This book focuses solely on the lifestyle analysis in the family law case, although other services from a financial professional may also be needed in a case. The lifestyle analysis is the process of tabulating and analyzing the income and expenses of the parties. The lifestyle analysis is then used to determine the standard of living of the parties, which will influence support calculations, and possibly property division.
When client budgets are tight, there is a reluctance to spend money on professionals such as forensic accountants and private investigators. But I have learned that the do-it-yourself method (either the client doing it or the attorney doing it) often misses the mark. There is a reason why professionals are trained in specialty fields. Simply put, the professionals have training and techniques that go beyond what an attorney can typically do.
Brian Willingham at Diligentia Group (private investigators) wrote an excellent article on attorneys using private investigators. Among the things a professional private investigator can do for a client are locating assets and doing historical reconstructions (such as piecing together family history to locate heirs).
When a divorcing spouse owns a business, it is imperative to dig into the financial records of the business in order to value it and to determine where the money is going. Tracy Coenen and Miles Mason talk about the documents that a forensic accountant needs in order to evaluate the business.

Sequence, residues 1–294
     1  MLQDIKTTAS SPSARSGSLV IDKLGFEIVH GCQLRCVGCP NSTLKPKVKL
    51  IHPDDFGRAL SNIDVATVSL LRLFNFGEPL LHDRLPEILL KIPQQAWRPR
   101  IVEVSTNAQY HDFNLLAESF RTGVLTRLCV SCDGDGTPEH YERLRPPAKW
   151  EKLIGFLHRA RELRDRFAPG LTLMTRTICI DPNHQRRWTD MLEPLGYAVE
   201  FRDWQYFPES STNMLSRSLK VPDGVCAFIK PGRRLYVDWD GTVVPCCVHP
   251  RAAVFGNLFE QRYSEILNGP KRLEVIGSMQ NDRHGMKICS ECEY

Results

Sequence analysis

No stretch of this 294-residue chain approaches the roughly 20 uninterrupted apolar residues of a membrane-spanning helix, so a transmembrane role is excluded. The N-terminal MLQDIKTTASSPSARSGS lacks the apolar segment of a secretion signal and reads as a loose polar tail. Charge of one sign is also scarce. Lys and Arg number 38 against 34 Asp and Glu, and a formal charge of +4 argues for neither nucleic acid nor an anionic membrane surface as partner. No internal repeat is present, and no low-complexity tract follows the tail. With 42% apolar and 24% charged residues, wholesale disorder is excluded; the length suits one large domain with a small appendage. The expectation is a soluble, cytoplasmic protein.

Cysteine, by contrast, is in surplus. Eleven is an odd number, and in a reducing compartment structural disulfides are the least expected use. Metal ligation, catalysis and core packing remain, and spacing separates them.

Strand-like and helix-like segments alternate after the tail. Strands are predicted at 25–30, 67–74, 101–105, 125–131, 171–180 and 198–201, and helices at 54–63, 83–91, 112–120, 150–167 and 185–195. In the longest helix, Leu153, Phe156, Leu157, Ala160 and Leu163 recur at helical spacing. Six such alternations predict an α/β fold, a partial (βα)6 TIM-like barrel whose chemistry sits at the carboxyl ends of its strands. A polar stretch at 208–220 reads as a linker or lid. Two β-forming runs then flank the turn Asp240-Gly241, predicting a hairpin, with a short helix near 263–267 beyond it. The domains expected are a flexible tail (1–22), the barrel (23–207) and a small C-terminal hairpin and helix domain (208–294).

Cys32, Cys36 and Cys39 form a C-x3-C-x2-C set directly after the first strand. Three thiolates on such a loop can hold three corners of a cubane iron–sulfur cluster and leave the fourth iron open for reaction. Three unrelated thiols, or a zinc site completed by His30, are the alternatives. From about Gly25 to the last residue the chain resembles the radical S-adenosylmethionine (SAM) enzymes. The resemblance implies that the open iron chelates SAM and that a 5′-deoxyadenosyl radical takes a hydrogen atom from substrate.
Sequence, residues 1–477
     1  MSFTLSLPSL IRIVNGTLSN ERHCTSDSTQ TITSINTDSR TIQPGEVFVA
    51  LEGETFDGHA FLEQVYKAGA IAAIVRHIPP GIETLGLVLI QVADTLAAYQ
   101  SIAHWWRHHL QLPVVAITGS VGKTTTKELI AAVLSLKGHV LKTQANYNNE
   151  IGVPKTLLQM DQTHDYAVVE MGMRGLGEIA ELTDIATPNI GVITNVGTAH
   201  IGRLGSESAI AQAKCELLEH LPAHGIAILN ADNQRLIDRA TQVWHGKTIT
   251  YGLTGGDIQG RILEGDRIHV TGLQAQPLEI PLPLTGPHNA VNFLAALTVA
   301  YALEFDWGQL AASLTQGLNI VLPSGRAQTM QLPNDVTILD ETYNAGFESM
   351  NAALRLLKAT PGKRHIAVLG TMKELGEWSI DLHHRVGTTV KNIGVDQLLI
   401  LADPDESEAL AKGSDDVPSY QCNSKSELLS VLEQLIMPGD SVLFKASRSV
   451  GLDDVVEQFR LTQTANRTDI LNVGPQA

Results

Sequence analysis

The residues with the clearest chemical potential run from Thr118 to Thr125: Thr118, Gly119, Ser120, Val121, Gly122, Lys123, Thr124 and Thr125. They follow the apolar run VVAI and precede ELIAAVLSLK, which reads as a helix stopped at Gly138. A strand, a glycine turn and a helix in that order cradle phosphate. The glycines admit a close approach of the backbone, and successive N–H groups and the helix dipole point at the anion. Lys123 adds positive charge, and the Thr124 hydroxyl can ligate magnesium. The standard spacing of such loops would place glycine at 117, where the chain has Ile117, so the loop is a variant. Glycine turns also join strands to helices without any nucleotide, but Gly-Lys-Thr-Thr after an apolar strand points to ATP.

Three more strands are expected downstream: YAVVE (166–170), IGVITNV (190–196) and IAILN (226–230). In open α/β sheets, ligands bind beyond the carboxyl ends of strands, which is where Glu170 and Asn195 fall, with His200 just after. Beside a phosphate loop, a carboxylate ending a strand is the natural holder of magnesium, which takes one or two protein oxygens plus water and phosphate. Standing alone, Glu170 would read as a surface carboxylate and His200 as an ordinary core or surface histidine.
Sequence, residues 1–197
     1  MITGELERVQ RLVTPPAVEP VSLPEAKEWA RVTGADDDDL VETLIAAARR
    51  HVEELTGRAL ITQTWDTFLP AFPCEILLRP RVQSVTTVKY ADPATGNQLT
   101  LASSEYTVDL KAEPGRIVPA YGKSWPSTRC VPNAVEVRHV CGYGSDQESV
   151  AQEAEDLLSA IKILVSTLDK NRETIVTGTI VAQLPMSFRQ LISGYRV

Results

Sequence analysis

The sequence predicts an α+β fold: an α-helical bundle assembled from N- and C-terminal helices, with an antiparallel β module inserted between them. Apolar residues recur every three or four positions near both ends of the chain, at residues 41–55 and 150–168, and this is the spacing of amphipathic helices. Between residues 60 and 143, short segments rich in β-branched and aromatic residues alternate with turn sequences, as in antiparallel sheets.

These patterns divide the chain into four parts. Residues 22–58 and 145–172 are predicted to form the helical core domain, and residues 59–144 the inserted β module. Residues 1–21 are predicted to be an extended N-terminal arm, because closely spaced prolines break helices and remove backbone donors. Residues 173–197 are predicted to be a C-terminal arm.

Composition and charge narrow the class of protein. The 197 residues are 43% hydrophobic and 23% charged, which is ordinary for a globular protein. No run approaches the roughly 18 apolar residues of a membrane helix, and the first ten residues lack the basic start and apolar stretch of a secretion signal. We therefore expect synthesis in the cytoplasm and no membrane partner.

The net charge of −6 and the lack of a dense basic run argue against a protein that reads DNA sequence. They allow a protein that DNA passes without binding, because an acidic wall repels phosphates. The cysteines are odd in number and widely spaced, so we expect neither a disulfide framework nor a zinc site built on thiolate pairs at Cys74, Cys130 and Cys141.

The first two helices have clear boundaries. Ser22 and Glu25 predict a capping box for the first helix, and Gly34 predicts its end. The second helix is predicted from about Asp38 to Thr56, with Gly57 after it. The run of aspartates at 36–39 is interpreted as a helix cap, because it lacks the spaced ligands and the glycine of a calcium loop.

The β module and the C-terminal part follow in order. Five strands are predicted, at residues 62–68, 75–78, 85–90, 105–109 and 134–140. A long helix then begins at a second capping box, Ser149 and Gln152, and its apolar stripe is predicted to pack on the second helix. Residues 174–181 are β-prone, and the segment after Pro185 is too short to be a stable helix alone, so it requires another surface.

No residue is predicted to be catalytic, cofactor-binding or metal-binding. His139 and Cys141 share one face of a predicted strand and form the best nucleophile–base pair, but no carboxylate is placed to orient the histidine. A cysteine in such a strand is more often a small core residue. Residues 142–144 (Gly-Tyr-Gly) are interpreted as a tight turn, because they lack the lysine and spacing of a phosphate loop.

A lifestyle analysis is the process of tabulating and analyzing the income and expenses of the parties. The lifestyle analysis is then used to determine the standard of living of the parties, which will influence support calculations, and possibly property division.
Calculating the lifestyle of the spouses prior to separation can provide insight into the lifestyle the married couple enjoyed and the cost of that lifestyle, as well as the income that was or is required to fund the lifestyle of the married couple. The results may be used to prove a spouse’s financial needs following divorce. In other words, a detailed analysis of the spending during the marriage can be the basis to calculate the funding the spouse needs to maintain a similar lifestyle after divorce.
This article was originally printed in the ABA Section of Family Law eNewsletter, January 2014.
The vast majority of family law cases are settled without trials. However, a client should not enter into a voluntary settlement if there are significant concerns about the truth of the financial disclosures and indications that assets or income may be hidden. The first step in determining whether a forensic accountant is needed to evaluate the finances of the parties is the identification of “red flags” of fraud. A red flag is simply a warning sign or an unusual item or circumstance.
Attorneys often use their instinct to determine when a forensic accountant is needed in a family law case. If something does not feel right, it probably should be investigated. A client is often suspicious of the spouse even before they are separated. The spouse may even be known to manipulate the money.
Tracy Coenen discusses the early stages of a financial investigation related to a divorce. When evaluating the finances of a business, Tracy explains what to look at first and how those items are analyzed.